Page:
We’ve got a few favorite beaches, some where we have had good luck, but also we like some better than others for the scenery or the variety of rocks and stones that litter the shoreline. Little Girls Point near Ironwood, Michigan is one of our favorites. It has perhaps more rocks per foot than any other we’ve encountered around Lake Superior and it has a decent variety of rocks as well. Another plus is it has several lakeside RV campsites which if you are lucky enough to reserve one means the beach is right outside your back door. Jo has a soft spot for the beach at Muskallonge State Park because there she found her first four agates in two days of beach combing. Grand Marais Michigan is another favorite, offering an extensive beach with lots of variety of rocks and a reputation for some huge agate finds. The Woodland Park campground is adjacent to the beach. Grand Marais is also home to the Gitche Gumee Agate Museum, a must see stop for any agate fan. But next year, we may find an agate at a previously less favored beach and declare it as our new favorite, for there are so many beaches that we’ve only touched upon briefly.

View Neil’s photo bigger on Facebook and visit neilweaverphotography.com to view & purchase incredible photos from all over Michigan!

 

Does Nordhouse Dunes have Michigan’s Best Sunrise?

Nordhouse Dunes Sunrise, photo by Shane Blood Photography

That’s the question the Nordhouse Dunes Wilderness Area Facebook page asked Michigan in Pictures on Facebook. It’s a good question. Click over and let them know what you think!

The Nordhouse Dunes Wilderness Area:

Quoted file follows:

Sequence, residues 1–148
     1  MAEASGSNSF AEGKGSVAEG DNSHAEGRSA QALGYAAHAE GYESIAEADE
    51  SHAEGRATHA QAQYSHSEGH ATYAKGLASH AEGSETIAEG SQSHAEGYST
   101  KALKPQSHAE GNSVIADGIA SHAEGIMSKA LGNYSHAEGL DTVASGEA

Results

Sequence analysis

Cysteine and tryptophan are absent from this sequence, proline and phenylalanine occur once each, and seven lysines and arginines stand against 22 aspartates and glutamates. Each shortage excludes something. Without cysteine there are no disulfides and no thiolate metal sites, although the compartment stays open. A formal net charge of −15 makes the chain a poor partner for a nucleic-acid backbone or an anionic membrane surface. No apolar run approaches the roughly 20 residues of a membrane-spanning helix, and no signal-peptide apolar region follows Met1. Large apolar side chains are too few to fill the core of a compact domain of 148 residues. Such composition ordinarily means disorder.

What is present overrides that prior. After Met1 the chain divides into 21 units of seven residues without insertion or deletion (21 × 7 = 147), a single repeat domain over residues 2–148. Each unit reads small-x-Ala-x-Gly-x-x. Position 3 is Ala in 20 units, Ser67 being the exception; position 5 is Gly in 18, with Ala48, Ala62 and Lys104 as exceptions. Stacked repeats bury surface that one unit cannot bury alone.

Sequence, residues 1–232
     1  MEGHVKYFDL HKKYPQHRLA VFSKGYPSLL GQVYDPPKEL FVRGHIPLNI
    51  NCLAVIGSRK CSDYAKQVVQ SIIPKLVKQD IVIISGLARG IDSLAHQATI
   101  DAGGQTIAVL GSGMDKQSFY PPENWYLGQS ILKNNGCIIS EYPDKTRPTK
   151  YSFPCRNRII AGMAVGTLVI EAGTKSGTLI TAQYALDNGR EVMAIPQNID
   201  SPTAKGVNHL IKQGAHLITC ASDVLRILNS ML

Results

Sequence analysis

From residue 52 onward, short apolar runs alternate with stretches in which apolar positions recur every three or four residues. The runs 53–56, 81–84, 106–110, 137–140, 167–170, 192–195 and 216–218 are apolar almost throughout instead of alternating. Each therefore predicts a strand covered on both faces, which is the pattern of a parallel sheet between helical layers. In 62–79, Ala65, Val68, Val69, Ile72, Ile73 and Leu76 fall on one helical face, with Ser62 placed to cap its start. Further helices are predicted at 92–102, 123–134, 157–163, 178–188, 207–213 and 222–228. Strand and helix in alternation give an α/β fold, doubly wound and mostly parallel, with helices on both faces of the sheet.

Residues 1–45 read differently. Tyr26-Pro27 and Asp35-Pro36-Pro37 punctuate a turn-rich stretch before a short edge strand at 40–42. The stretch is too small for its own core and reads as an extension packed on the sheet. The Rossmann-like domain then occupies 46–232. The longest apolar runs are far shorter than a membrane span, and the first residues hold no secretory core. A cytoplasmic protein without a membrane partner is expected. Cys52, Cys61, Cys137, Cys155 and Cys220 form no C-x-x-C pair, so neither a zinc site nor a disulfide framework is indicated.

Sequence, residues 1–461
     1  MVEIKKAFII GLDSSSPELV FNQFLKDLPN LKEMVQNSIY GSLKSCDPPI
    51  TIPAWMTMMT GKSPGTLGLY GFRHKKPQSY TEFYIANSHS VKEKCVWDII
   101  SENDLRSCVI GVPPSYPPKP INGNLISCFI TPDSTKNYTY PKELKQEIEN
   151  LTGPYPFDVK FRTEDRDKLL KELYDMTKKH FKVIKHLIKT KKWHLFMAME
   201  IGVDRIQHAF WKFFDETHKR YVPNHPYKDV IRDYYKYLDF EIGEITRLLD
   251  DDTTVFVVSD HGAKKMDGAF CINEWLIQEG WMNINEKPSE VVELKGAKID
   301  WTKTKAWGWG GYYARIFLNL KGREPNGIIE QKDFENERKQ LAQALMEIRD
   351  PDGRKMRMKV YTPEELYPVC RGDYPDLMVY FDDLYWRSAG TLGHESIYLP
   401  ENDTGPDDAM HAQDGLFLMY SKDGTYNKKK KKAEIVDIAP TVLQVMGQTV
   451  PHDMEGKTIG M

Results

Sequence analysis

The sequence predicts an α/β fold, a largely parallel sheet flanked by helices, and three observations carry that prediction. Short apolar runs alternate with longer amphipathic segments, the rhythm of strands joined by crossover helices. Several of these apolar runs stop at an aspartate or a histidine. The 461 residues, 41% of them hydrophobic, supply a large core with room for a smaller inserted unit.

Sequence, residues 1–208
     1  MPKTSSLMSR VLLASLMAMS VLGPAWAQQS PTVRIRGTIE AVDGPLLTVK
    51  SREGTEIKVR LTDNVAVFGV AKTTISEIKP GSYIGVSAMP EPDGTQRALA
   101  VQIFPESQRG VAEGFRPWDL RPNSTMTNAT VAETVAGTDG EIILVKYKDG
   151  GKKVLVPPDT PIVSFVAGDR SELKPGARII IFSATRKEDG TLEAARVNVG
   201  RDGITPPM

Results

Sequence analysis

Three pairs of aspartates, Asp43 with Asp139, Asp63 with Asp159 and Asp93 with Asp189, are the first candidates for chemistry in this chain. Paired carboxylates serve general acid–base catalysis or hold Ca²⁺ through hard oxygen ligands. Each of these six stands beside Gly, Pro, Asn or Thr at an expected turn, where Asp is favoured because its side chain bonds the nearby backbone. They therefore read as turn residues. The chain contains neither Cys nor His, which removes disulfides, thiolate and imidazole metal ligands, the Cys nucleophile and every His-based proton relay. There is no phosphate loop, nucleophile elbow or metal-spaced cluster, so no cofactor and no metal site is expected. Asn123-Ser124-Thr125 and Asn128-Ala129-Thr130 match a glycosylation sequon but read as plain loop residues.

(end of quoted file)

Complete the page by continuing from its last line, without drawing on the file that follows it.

…is a Federally designated wilderness in Michigan’s lower peninsula and encompasses 3,450 acres of National Forest. Nordhouse Dunes is part of the Ludington Dune Ecosystem, which also includes Lake Michigan Recreation Area, and Ludington State Park. The dunes were formed 3,500 to 4,000 years ago and stand up to 140 feet high. Ludington Dune Ecosystem has the largest area of fresh water interdunal ponds in the world. The interdunal ponds, small water holes and marshes, decorate the area. Dune grass covers many of the dunes and provides habitat for a variety of wildlife species.

The Nordhouse Dunes are interspersed with woody vegetation such as juniper, jack pine and hemlock. Plant life is varied and includes the Federally Endangered Pitcher’s Thistle. The sand beach along the lake varies from narrow to wide and is home to the Federally Endangered Piping Plover, a shore bird that nests on the ground in small cobbles.

The wilderness area is popular for hiking, camping, hunting, nature study and wildlife viewing. There are approximately 10-miles of trail that can be accessed from 2 developed trailheads at the end of Nurnberg Road and Lake Michigan Recreation Area.

View the photo bigger and head over to Shane Blood Photography on Facebook for more shots from Nordhouse Dunes.

More Michigan sunrises on Michigan in Pictures!

Treat your momma right!

Happy Mother’s Day, photo by Jim Sisko

Happy Mother’s Day to all you Michigan moms! I appreciate how hard you work every day doing the toughest job that I know of. Here’s hoping that everyone takes some time this weekend for the mothers in their lives.

Jim shared this several years ago and wrote:

This is my wife Margie (AKA Mom to our daughter and Grandma to our two granddaughters) looking out at Lake Superior from the beach of her favorite place in the world, Little Girl’s Point. Margie is the best person I have ever known, and i’m eternally grateful that she chose me to spend her life with. My Mother has been gone almost 25 years now and I still think about her every day, but especially on this day.

View the photo bigger and see more in Jim’s Random 19 slideshow.